The recipe for buns that my mom makes for holiday meals is from her Aunt Jessie who was a fabulous cook. I crave her apple pudding recipe often.

Baking bread at home is special. Maybe not for everyday, but always preferable over big store bread. And it fills the house with warmth and love.

Thursday, May 26, 2011


The asparagus season will be coming to a close soonish. I know because I asked the man who I buy it from every Sunday how much was left and how much longer I could expect it. I'm starting to get tired of it (it's only in season a few weeks! You have to eat as much of it as you can!) but I don't want to miss the last bunch of this year because I'm getting bored and decide not to get any one week. Farmer man said that there isn't much left - another week or two - but he's keeping a few bunches aside for me in case I get to the market late.

He also grows cut flowers. Two weeks ago, while C was away, he had the first Sweet Williams. I must have looked sad or something because he gave me a bunch with my asparagus and strawberries. They are still on the table, beautifully scented and holding their colour - he said they sometimes last three weeks. There should be astors soon.

He's just one of a handful of farmers that I have got to know at the markets in the past couple of years. (See I know I'm Lucky) I like that my shopping habits supports them and allows them to continue to bring me excellent products. Virtuous circle.

But you can't get everything from the farmer's market. For some items there is no season in England. So while I don't ever buy asparagus from Peru, I do buy mango, rice, garlic, etc etc from the corner store and the local Tesco. And so I think about the farmers I support by purchasing mangoes. Or frozen peas. If everyone stops buying mangoes what will the mango farmers eat?  (Besides mangoes.) How does buying my ingredients from farmer A in England affect farmer B in Pakistan (where my basmati rice comes from)?

No answers, just the pieces of a conversation I am having in my head and that I would welcome people's thoughts on.

Tuesday, May 24, 2011


I think it is my second favourite vegetable. Seriously. Second only to peas (both frozen and fresh). Garlic, onions and tomatoes don't quite count. Certain vegetables are only excellent during their peak season and don't have an all year presence, like asparagus, so I'm not counting those either. So yes. Cauliflower is my second favourite vegetable.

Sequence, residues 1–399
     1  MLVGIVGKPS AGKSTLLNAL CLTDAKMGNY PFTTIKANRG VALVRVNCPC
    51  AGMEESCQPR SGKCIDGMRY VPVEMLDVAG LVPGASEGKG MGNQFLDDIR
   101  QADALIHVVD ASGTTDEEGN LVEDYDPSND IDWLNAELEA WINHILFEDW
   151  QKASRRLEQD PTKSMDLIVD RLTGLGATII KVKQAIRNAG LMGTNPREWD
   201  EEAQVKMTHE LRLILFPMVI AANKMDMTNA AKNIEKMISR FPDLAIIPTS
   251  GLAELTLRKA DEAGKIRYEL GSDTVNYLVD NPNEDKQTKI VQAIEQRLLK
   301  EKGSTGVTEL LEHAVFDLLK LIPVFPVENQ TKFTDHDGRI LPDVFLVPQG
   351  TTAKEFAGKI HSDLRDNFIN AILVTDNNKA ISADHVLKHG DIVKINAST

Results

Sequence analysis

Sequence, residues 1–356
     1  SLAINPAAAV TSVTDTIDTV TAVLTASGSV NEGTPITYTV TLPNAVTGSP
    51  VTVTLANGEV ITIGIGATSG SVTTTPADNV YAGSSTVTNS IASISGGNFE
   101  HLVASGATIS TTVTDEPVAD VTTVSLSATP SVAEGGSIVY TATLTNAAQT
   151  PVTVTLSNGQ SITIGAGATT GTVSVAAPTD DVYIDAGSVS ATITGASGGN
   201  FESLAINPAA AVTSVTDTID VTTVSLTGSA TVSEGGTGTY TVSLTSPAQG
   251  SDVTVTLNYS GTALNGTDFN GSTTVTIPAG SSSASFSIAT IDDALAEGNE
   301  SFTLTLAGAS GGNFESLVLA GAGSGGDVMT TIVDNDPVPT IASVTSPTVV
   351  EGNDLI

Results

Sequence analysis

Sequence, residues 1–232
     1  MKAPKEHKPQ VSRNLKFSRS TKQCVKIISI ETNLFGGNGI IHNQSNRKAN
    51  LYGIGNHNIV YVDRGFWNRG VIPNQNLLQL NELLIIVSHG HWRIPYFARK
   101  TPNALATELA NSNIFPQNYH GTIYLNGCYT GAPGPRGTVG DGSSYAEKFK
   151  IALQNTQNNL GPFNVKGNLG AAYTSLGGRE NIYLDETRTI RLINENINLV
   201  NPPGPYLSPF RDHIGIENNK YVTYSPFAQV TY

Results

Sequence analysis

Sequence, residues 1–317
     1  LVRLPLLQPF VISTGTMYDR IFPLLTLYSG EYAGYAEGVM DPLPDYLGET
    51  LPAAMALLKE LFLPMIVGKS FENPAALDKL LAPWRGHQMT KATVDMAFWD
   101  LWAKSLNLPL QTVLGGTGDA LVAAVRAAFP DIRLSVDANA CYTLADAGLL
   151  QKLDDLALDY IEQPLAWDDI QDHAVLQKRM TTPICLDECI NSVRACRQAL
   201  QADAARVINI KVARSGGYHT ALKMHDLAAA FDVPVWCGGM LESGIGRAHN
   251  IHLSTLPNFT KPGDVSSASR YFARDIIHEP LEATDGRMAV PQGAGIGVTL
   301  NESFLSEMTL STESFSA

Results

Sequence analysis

How fabulously versatile is it? How many wonderful things can you do with a brassica that is, to be honest, a little dull. It's not something I sneak into the kitchen to nibble on (peas in pods don't last a day in our kitchen and cherry tomatoes are so very poppable) because on its own it is a bit bland. But the flavours it works with! And the processes and things you can do that turn it into magic. Here's to the mighty cauliflower!

The reason I am excited about cauliflowers is because I finally got around to making this sephardic dish of battered and fried caulflower in a lemony tomato sauce. I've had the recipe in my 'Make Me' pile for ages but it seemed like it might be a bit finnicky. It wasn't. You should make it.

You quickly blanch your cauliflower florets then drain them and mix them into a simple batter (half a cup of flour with some salt and pepper, tossed, then two eggs beaten with a bit of water, toss the floured cauliflower with that, then another half cup of flour - get in with yout hands!) then fry them up to golden and lovely. (I also dropped little blobs of batter into the oil.) You slip the crispy golden florets into a very simple tomato sauce with lemon zest and a squeeze of juice and let it barely simmer for ten minutes then eat it covered with parsley.

(Here's a link to the recipe proper on Michael's Herbivoracious blog.)

How good is that?

C declared it was his second favourite way to eat cauliflower. His favourite? Roasted and dipped in spicy ketchup. Yup, we're fancy.

Sunday, May 22, 2011

New Restaurants

There is a new Turkish restaurant going in on Broadway Market, where the old Efes was for about a year. It looks pretty. I popped my head in the other day to sneak a peak. The guy told me that it'll be open in a week or so, Turkish/Mediterranean menu. 

Cool. Will try it out.

Why don't restaurants have little promotional cards for the curious who stop by to peak in and see what's what? Give me a card that gives me a free drink or a dessert or 10% off in the first week. Something. Whatever. But make me feel special and make me excited about your restaurant opening up.

Wednesday, May 11, 2011


A thing of beauty is a joy forever.

Who said that?  Some of the most beautiful things are fleeting and need to be pounced on while they are in front you for they disappear so quickly.